The SNP has made a concerted effort recently to emphasise the “strength” of Scotland’s economy and the apparent resilience of its post-crash recovery. In the last few weeks alone, I’ve received a series of press releases highlighting how employment in Scotland has reached “record” levels, how Scottish output will soon “surpass its pre-recession peak” and how “business optimism” is steadily returning.
At first, this struck me as an odd strategy for the nationalists to pursue so close to the referendum. Why should Scots vote for independence if even the Yes campaign (or a large part of it, at any rate) thinks Scotland is thriving within the UK?
But it’s actually consistent with the psychology of the party. It’s no coincidence that support for the SNP boomed in the 1970s following the discovery of oil and gas in the North Sea then crashed in the 1980s as the UK entered a severe downturn. There is a relationship (albeit an inexact one) between how confident Scots feel, economically, and their enthusiasm for constitutional change. SNP leaders understand this, which explains why they are so keen to persuade voters that Scotland’s economy is in such good health.
The problem, however, is that Scotland’s economy is not in such good health. It is, in fact, in a pretty bad state.
Take the report published in the Guardian last week suggesting that just 30 per cent of the Scottish economy is domestically owned. If true, this means Scotland is essentially being asset-stripped by foreign capital, as a significant proportion of the wealth generated by Scotland’s key industries – from North Sea oil to whisky and finance – is channelled down south or overseas.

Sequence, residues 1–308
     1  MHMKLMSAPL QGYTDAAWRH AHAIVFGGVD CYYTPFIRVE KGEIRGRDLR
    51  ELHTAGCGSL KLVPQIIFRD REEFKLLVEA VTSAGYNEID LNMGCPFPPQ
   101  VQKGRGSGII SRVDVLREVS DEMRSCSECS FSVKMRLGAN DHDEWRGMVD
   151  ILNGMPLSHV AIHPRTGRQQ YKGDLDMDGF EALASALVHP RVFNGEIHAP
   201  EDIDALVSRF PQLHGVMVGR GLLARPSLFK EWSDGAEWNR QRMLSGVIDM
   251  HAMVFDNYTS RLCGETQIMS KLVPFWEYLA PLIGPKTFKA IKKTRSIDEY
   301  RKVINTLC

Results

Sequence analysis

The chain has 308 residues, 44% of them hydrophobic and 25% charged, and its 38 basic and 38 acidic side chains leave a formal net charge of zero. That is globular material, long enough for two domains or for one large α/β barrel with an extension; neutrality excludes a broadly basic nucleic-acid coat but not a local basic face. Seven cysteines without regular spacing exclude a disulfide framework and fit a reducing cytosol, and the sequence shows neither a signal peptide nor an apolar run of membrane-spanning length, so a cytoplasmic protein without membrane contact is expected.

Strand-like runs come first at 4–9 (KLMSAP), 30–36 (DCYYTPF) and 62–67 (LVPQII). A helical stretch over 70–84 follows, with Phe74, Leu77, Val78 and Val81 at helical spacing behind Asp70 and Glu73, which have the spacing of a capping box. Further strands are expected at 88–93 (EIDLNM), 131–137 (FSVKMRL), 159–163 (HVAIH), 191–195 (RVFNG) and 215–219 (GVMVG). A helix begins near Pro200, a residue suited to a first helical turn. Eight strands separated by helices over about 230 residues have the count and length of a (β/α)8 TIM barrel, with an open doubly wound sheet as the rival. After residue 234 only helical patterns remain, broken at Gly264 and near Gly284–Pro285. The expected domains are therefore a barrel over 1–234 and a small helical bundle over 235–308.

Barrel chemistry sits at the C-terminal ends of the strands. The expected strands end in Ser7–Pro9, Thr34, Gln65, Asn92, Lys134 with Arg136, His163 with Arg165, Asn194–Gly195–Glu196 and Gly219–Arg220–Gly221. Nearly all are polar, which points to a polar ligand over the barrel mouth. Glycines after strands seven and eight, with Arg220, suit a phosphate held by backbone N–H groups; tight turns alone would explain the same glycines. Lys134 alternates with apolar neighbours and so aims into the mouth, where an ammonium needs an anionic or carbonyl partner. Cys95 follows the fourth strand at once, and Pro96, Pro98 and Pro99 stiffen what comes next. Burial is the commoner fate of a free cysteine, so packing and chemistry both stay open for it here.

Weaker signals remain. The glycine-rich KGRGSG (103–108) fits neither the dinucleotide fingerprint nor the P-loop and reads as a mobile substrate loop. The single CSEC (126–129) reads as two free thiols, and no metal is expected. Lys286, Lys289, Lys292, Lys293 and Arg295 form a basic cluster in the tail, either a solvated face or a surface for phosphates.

Equally troubling is the STUC’s estimate that as many as 120,000 Scots are currently employed on zero-hours contracts. This reflects the growth of insecure work in Scotland over recent years and confirms Scotland’s status as one of the lowest pay economies in the OECD.
Then there’s the complicated issue of Scotland’s public finances. Scottish spending is not subsidised by English taxes, nor are oil revenues declining as rapidly as some claim, but Scotland’s overall fiscal position is still relatively weak. Even with a geographical share of North Sea oil, Scotland’s 2012/13 net fiscal deficit was a massive 8.3 per cent of GDP, while its national debt remains upward of 60 per cent of GDP, which is substantially higher than that of many other small northern European countries, including Denmark and Norway, the poster-boys of Nordic social democracy.
This is not an attempt to “talk Scotland down”. Scotland’s unemployment rate is lower, by about 0.4 per cent, than the rest of the UK’s, until recently its economy was growing slightly faster and its trade balance is considerably stronger. (As Craig Berry, a research fellow at the Sheffield Political Economy Research Institute, told me in January: “Primary responsibility for the UK’s £30bn balance of payments deficit lies with southern England, whose main contribution to Britain’s export base – financial services trade – is far too dependent on the crisis-hit Eurozone”.)
But the SNP’s insistence that Scotland’s economic prospects are brighter than the evidence suggests is beginning to look Osborne-esque. Like the Chancellor, the SNP has a vested interest in convincing voters that the crisis is over, even if the challenges they face on a day-to-day basis, from finding permanent work and to paying household bills, tell them it definitely isn’t.
The Yes campaign’s narrative is not, of course, exclusively economic. A couple of weeks ago, Yes Scotland rolled out a new poster campaign highlighting levels of child poverty in Scotland, and the SNP itself regularly criticises the coalition’s “heartless” spending cuts and welfare reforms. But these attacks don’t sit easily with the Scottish government’s panglossian account of Scotland‘s economy: either Scotland is being devastated by Tory austerity or it’s heading for another boom – I’m not sure it can be doing both at the same time.
Last year, Alex Salmond told the Observer that independence would be won on the back of a “rising tide of expectations”. The question nationalists have to ask themselves now, with less than four months to go until the vote, is this: how far are people’s expectations likely to rise when their lives are being ruined by a failing and dysfunctional economy?